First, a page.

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JH

Gary McMillan Paintings

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Gary McMillan: Scene 52, 2022, acrylic on linen, 65.5 x 86.5 cm; Scene 49, 2021, acrylic on Bristol Board, 51.5 x 62.8 cm Gary McMillan, Scene 52, 2022, acrylic on linen, 65.5 x 86.5 cm Gary McMillan: Scene 51, 2021, acrylic on linen, 47.5 x 62.5 cm Gary McMillan: Scene 51, 2021, acrylic on linen, 47.5 x 62.5 cm, detail. Gary McMillan: Scene 51, 2021, acrylic on linen, 47.5 x 62.5 cm; Scene 52, 2022, acrylic on linen, 65.5 x 86.5 cm Gary McMillan: Overcast, 2005, acrylic on paper, 66.5 x 49 cm; Scene 3, 2011, acrylic on Bristol Board, 44.5 x 51.5 cm Gary McMillan, Overcast, 2005, acrylic on paper, 66.5 x 49 cm Gary McMillan, Scene 4, 2012/2022, acrylic on linen, 71 x 106 cm Gary McMillan, Scene 4, 2012/2022, acrylic on linen, 71 x 106 cm, detail

In the current 2022 exhibition there are some changes in McMillan's rendering of smeared rain on glass, where the artist is using diluted white drips directionally flicked on like Jackson Pollock. It seems to be a calculated reference to art history (Pollock's fatal car crash?) and is not so successful illusionistically.

Auckland

 

Gary McMillan
Outside

 

21 July - 20 August 2022

In this exhibition of seven modest-sized acrylic paintings from Auckland artist Gary McMillan, we see the themes he has shown interest in for some years now: inclement Auckland weather as seen through the wet windows of moving cars, and urban vistas in the form of the fleeting shapes of street lights, power poles, motorway signage, rooftops and trees—all rendered in delicate hazy mists of tiny brush-applied dots; usually coloured, but sometimes in variations of grey.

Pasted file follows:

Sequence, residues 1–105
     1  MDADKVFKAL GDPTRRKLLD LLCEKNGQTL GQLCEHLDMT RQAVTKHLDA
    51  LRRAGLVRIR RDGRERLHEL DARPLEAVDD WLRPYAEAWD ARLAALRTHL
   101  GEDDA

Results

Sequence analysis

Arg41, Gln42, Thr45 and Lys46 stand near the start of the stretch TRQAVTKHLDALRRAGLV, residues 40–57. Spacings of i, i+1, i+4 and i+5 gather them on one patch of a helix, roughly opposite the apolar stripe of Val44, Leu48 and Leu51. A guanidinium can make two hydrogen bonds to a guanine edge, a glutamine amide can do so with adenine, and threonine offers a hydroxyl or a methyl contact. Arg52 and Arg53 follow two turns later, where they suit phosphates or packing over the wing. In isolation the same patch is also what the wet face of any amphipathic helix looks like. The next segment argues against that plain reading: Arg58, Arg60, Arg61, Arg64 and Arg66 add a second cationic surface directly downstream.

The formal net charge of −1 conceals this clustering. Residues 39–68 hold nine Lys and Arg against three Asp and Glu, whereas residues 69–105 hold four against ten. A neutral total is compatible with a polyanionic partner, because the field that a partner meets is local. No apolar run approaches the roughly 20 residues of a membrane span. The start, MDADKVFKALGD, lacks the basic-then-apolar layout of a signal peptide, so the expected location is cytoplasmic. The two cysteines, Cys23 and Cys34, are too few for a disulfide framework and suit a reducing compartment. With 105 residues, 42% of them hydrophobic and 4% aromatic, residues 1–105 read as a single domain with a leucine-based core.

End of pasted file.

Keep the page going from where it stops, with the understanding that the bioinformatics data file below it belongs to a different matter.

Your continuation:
There are a couple of exceptions to the above. Scene 53, 2022 shows a rural landscape through the windscreen of a moving car, and Scene 49, 2021, of a view through another rain-soaked car window, is a gorgeous little abstraction—a ‘pointillist’ blurry composition—that (for me) is the star of the exhibition.

Outside presents some lovely early works made in black and white and (occasionally) coloured greys. Overcast, 2005 is particularly elegant with its two light poles facing opposite directions. Scene 3, 2011 is also very striking with its very dark greenish black and again, use of elegant negative spaces. It was shown earlier in Hamilton in 2013 in a show with Ruth Cleland.

In this current 2022 exhibition there are some changes in McMillan’s rendering of smeared rain on glass, where the artist is using diluted white drips directionally flicked on like Jackson Pollock. It seems to be a calculated reference to art history (Pollock’s fatal car crash?) and is not so successful illusionistically.

Interestingly McMillan’s use of tiny densely positioned dots, though not retinally mixing like say, Seurat, are deeply satisfying as hazes to be pored over. Maybe they have connotations of fuzzy and still fading memory—as well as contemporary meteorological and vehicular observations—besides links to distant art history? Beautifully crafted and optically pleasurable, they cause each visitor to involuntarily linger—effortlessly.

John Hurrell

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